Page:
Comfortably nestled between the Atlantic Ocean and Spain, this small coastal country has long proved an intriguing prospect for tourists, visitors, people moving to Portugal to start a life there, and other travellers from all over the world. Whether it’s the clear blue waters of Figueira Da Foz, the verdant expanses of the Algarve, or the old-world feel of well-established cities like Porto or Lisbon, the country has been offering up its charms to visitors for centuries – and shows no sign of slowing down any time soon.
However, as with every foreign country, new arrivals are going to experience an adjustment period as they get used to the local way of doing things. But what exactly does this learning curve entail in the context of Portugal? Are there specific obstacles which may require surmounting during the integration process?
Firstly, stays of longer than 90 days require the party in question to seek out a registration certificate from their local city council in order to make official their state of residence in Portugal. This applies to citizens of the 28 EU member states, as well as to those of the 4 EFTA member states. The certificate costs €15, and once received it is valid for five years.
There is a month-long buffer period which begins on your 90th day in the country, during which you can apply for the registration paperwork, which is one of the more lax sets of immigration restrictions imposed upon new residents in EU countries. More information about the specifics of the policies regarding Brits, EU citizens and EFTA citizens moving to settle in Portugal can be found here, on Portugal’s immigration website.
Visits to the city council can be frustrating, on account of the long queues and inconsistent hours, but the officials are generally friendly and eager to help. Tourism is an extremely important factor to Portugal’s economy, if not the factor that is moving it forward, so it stands to reason that they would be happy to see foreign travellers attempting to settle in their country. Yet even with that taken into consideration, they’re exceptionally well-meaning and helpful when compared to the usual standards of officialdom in Europe.
If you’re headed to the city council to secure a registration certificate, it’s best to play it safe and reserve an entire morning. It’s recommended to turn up as early as possible (they typically open around 9am on weekdays), because once lunchtime rolls around, very little gets done. The afternoons are notoriously bad for trying to interact with small government – leaving it too late is a recipe for a headache.
Once in the country, there are still a few cultural differences which must be worked through. The most striking of these is the speed at which life is lived. People relocating to Portugal from abroad will find that its inhabitants take a relaxed view of the speed at which their days proceed. It’s not uncommon for shop owners to take an entire hour for lunch, for example, during which period they won’t be at their premises. For aspiring expats used to a busier style of living, this may prove problematic, since services aren’t always available in the way one may expect them to be.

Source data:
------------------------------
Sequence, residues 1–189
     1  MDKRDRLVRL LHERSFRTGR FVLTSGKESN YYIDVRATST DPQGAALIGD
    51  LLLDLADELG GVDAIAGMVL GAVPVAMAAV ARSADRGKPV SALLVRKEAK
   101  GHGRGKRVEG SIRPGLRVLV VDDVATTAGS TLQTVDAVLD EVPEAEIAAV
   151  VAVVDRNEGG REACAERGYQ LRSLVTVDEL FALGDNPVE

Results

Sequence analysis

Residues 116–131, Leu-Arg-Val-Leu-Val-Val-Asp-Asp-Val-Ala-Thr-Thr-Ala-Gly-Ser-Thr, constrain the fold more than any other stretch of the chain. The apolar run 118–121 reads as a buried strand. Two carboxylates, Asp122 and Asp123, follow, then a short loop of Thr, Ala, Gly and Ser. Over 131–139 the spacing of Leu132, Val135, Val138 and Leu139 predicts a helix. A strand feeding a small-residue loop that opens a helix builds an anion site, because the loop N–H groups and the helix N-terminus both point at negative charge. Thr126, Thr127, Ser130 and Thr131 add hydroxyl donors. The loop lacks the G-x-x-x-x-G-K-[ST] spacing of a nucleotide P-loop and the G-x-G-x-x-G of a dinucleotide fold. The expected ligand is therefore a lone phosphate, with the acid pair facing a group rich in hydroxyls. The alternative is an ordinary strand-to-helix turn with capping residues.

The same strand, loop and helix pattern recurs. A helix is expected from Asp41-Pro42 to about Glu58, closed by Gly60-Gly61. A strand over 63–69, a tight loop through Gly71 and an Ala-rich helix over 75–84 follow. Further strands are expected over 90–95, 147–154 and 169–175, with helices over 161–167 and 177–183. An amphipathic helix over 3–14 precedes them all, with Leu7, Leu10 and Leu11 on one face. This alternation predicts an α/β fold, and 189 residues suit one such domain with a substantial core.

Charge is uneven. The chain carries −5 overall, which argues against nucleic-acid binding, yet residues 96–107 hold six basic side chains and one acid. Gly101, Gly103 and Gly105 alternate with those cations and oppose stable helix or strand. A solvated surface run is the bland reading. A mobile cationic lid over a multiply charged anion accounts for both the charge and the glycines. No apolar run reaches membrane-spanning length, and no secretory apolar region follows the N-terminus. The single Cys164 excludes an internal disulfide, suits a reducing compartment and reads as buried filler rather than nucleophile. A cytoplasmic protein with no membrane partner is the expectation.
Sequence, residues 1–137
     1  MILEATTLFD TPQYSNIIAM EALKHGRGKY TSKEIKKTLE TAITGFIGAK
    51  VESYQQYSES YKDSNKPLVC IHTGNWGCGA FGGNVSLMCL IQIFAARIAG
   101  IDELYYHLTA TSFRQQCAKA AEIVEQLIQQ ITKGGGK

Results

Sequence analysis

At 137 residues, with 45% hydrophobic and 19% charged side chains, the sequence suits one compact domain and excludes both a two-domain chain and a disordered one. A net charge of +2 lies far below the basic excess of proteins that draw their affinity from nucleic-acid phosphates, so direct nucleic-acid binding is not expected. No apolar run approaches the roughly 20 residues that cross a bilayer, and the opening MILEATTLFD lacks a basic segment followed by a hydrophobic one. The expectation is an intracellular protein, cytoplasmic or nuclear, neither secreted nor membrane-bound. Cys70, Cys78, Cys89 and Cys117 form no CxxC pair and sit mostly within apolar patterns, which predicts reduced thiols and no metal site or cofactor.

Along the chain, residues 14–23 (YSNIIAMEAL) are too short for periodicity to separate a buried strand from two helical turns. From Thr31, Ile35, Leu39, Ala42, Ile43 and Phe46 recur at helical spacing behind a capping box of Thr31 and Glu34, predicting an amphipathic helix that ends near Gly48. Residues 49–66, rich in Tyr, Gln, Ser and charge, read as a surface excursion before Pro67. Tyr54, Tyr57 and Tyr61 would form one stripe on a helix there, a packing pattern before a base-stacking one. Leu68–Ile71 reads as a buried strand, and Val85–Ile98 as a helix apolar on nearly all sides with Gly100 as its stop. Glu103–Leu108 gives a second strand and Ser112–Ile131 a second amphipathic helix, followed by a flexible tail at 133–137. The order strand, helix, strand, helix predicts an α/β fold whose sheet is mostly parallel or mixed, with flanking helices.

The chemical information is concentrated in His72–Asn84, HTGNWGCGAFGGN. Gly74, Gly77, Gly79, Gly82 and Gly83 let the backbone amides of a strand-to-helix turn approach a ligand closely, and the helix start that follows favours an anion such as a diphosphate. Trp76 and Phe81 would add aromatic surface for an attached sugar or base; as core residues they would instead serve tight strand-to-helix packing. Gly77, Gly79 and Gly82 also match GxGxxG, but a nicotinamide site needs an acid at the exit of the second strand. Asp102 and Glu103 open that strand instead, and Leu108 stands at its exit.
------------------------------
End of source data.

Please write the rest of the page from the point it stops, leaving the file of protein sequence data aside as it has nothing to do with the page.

Another defining aspect of the culture is the prevalence of bureaucracy. While the concept of bureaucracy itself won’t be foreign to most visitors, if they’re new to the country they may not understand which forms need to be filled out and which people need to be spoken to in order to get things done. From securing housing for yourself to making any sort of business decision, paperwork and procedures are going to make their presence felt, which can wind up being a frustrating experience for even the most patient among us. Fortunately, detailed information about Portugal’s immigration system can be found at the dedicated government website here.
While bureaucracy is frustrating for everybody, one tip that often gets tossed around when it comes to the Portuguese paperwork machine is to turn up early to every meeting. Unlike a lot of other places, from personal experience I’ve learned that official meetings are more likely to run under time than over it, as a result of the Portuguese officials overestimating the amount of time required. What can then arise is a situation where the meeting before yours is finished, but since it’s still not time for your meeting, the officials might well wander off to have a coffee, which will inevitably go on a little too long. It’s worth noting that if you catch them mid-coffee, however, they’d gladly allow you to join them, which can be a pleasant experience for everybody.
Finally, breaking through into circles of Portuguese friends isn’t easy, despite how welcoming they are. Portuguese people themselves often have trouble fitting into different parts of their own country. Having said that, the Portuguese are an extremely friendly bunch; and while it may be difficult to get onto the inside track, it can indeed be moving to an expat in Portugal how enjoyable the integration period is made by the generous, kind, and hospitable local population.
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